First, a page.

You know, I had a sort of a mini-breakdown when my DD was 4 weeks old. For unknown reasons, I went through a spell where I felt so fed up and angry. Here was this little creature who was demanding seemingly twice what I could give. Nothing I did felt good enough. I had expected to be such a great mom, and felt like I sucked. I felt wildly hormonal and like I wasn't in control of my body or life. From what I remember, the anger only lasted for a week or two, though, so hopefully your case will be similar. My daughter started to get on a "sleep more at night, wake more in the day" schedule when she was about 8 weeks old. That made a difference because I felt like my life was (slowly) returning to a slightly more regular existence.

Last but certainly not least, it is not at all unheard of to "relactate" -- and the earlier you try, the better the odds of success. If you would like to give breastfeeding another try, do not hesitate to look for a good lactation consultant in your area. IBCLC certification is a good indication that the Lactation consultant is well-trained (hospital LC's are often not IBCLC and frankly, not all hosp. LC's are that great). You can also get support by contacting the LLL group in your area. You don't have to breastfeed to be a good mom, but if you feel cheated of the opportunity and guilty, then you can always give another try! You'll instinctively know when you have given it more than your all - and maybe you've already reached that point, in which case you can trust that you did your best and begin to move on. But if not, consider trying again. The breastfeeding hormones are pretty nice when all else is crap.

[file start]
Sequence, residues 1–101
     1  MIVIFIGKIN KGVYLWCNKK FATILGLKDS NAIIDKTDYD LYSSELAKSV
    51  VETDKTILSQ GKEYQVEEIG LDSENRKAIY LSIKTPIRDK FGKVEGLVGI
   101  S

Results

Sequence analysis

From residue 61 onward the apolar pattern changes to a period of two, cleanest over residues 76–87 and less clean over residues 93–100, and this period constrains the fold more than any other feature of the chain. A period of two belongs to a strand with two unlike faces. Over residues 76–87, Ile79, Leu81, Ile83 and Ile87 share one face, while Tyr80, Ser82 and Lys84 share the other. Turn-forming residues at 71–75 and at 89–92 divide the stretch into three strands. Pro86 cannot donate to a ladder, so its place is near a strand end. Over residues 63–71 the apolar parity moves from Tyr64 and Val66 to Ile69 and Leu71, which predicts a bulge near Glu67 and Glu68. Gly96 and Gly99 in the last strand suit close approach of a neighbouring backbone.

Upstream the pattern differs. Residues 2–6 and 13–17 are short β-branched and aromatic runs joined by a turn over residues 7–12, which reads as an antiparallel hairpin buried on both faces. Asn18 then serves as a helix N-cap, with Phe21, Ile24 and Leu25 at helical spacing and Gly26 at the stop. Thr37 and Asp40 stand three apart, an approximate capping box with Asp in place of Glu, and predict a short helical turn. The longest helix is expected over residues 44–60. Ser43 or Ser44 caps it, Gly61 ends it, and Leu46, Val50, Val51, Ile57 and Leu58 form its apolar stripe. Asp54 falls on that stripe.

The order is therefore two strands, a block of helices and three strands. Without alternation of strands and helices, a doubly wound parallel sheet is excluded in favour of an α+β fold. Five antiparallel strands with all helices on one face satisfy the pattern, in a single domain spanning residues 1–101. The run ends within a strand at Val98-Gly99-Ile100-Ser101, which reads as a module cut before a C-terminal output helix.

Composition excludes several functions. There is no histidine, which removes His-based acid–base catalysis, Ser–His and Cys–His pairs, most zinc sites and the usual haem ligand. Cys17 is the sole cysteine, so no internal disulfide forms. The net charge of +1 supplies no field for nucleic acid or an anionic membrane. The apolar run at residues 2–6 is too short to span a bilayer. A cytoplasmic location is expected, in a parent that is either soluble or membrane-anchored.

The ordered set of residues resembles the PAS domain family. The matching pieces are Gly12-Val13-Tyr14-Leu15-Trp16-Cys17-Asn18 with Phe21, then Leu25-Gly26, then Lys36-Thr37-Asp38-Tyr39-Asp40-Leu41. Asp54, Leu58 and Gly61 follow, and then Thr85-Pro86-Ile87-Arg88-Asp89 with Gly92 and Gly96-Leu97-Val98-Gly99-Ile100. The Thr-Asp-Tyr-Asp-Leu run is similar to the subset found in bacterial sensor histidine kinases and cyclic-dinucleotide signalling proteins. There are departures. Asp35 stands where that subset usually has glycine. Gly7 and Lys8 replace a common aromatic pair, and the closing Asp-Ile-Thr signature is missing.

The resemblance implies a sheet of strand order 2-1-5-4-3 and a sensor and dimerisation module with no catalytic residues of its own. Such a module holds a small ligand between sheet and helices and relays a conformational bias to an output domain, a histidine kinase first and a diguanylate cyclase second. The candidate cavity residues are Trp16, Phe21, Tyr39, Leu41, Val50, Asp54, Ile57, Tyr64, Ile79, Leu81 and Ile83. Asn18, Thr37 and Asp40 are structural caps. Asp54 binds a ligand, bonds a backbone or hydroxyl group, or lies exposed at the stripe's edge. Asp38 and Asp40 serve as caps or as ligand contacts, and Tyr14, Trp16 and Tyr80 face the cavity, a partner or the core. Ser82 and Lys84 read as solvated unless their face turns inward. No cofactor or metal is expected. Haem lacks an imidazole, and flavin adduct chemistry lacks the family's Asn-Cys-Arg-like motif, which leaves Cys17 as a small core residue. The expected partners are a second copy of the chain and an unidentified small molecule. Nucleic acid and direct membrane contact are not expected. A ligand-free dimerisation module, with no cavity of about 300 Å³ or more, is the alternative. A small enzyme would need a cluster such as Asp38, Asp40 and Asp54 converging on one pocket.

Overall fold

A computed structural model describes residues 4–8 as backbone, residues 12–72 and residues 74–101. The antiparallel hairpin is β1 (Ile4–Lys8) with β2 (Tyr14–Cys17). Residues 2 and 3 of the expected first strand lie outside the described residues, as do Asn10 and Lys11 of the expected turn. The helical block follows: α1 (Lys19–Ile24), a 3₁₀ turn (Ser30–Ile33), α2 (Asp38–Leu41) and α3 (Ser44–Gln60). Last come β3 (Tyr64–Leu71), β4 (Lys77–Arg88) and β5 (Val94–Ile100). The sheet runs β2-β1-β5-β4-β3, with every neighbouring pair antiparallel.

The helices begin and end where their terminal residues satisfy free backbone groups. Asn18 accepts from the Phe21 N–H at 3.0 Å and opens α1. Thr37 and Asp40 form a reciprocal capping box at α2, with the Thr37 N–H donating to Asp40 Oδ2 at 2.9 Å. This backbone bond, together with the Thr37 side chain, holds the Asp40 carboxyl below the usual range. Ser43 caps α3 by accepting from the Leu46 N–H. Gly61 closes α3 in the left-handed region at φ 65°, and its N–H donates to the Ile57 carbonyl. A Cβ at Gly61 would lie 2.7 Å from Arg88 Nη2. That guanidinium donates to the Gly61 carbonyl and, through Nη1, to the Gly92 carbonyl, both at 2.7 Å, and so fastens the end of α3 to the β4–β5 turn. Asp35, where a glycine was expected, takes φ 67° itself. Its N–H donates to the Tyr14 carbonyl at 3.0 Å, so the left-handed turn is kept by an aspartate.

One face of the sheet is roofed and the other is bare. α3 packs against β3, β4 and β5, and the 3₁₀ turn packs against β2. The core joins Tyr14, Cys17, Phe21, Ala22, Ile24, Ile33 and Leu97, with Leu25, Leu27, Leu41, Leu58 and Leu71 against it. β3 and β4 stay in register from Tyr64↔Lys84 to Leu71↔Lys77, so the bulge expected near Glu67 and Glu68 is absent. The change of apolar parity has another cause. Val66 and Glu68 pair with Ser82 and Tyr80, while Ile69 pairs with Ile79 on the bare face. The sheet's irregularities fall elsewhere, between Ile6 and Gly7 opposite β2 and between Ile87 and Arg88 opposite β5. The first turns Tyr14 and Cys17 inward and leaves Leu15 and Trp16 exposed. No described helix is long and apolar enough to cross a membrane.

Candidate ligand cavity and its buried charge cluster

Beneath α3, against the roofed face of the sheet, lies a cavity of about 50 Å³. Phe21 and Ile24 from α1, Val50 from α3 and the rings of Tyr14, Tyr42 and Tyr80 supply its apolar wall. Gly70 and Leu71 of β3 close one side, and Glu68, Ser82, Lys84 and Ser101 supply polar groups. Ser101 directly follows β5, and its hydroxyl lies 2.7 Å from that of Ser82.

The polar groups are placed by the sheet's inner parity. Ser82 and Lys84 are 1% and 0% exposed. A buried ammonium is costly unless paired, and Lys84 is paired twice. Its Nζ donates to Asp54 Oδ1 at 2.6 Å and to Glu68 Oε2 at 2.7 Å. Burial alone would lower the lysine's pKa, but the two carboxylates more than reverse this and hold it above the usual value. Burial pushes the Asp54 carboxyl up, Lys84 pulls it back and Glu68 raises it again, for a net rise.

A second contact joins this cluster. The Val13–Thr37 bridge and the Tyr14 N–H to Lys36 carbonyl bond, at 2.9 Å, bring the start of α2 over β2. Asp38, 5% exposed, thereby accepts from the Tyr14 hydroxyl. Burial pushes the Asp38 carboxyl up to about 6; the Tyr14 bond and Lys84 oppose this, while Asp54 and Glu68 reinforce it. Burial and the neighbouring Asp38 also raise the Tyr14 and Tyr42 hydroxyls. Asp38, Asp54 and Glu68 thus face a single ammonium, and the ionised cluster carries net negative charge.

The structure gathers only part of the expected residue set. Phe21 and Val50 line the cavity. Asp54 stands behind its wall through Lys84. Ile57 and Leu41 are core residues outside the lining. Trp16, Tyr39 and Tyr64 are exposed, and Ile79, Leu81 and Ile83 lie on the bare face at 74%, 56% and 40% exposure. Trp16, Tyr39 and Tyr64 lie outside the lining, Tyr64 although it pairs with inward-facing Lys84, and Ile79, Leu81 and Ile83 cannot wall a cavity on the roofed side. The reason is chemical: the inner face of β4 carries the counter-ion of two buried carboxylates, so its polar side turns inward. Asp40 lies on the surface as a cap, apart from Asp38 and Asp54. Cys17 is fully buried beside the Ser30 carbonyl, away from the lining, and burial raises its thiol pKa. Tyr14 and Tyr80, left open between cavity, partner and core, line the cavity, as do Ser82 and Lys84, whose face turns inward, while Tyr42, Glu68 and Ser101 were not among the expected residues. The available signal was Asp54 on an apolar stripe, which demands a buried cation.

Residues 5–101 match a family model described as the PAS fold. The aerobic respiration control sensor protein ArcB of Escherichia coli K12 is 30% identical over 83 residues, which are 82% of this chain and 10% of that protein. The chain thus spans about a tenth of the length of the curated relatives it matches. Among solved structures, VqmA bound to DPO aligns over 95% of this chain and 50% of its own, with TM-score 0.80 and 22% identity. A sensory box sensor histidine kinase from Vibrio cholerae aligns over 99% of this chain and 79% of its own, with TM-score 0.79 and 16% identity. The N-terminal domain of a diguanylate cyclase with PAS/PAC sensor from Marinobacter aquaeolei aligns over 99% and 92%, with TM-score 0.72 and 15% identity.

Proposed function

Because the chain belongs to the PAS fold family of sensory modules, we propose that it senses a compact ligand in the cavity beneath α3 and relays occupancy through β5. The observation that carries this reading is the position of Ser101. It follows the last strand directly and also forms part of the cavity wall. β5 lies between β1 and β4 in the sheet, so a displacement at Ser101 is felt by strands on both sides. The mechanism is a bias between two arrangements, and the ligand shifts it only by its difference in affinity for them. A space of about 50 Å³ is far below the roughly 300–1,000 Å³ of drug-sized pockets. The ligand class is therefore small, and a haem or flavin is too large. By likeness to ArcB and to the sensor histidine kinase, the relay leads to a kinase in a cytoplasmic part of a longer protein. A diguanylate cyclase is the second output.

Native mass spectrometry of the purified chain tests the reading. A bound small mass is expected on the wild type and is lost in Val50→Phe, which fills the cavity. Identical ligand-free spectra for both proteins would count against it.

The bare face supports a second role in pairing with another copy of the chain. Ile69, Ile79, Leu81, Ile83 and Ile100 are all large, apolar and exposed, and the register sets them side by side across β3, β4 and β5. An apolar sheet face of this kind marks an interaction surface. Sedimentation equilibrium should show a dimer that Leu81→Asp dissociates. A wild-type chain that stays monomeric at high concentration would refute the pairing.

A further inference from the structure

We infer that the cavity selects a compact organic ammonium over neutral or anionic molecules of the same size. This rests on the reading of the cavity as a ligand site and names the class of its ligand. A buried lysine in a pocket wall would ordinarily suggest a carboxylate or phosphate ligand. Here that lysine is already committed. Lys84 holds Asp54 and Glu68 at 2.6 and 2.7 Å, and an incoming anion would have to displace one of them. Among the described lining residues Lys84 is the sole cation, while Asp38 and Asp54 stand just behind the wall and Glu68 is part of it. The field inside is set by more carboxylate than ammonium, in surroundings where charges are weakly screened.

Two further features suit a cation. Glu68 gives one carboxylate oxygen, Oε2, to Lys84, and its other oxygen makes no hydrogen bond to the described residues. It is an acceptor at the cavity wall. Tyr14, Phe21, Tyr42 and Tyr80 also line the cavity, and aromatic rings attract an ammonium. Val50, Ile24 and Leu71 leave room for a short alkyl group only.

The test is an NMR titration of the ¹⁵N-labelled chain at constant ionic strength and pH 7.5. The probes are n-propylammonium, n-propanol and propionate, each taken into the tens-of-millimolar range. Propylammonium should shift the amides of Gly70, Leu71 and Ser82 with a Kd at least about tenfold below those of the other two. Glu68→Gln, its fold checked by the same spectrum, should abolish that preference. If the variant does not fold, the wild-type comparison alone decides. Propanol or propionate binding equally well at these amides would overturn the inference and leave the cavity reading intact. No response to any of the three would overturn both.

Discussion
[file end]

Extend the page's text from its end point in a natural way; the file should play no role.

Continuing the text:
I know for a certainty that becoming a mom is harder than expected for EVERYONE. There is the old joke that if women knew how hard it would be going in, no one would procreate. But the expansive feeling of your soul growing to incorporate another being makes it worth it. And contrary to popular belief, that expansion is gradual. You don't feel the full capacity of love for your child right away like the movies show. Like any other relationship, the mother/child bond cannot be hurried and will continue to grow and grow over time.

Hang in there. You ARE doing a GREAT job!!

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#4 of 4 Old 11-05-2003, 10:22 AM - Thread Starter
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Thanks for your replies, support and for sharing your stories. It certainly helps me feel like I'm not the only one.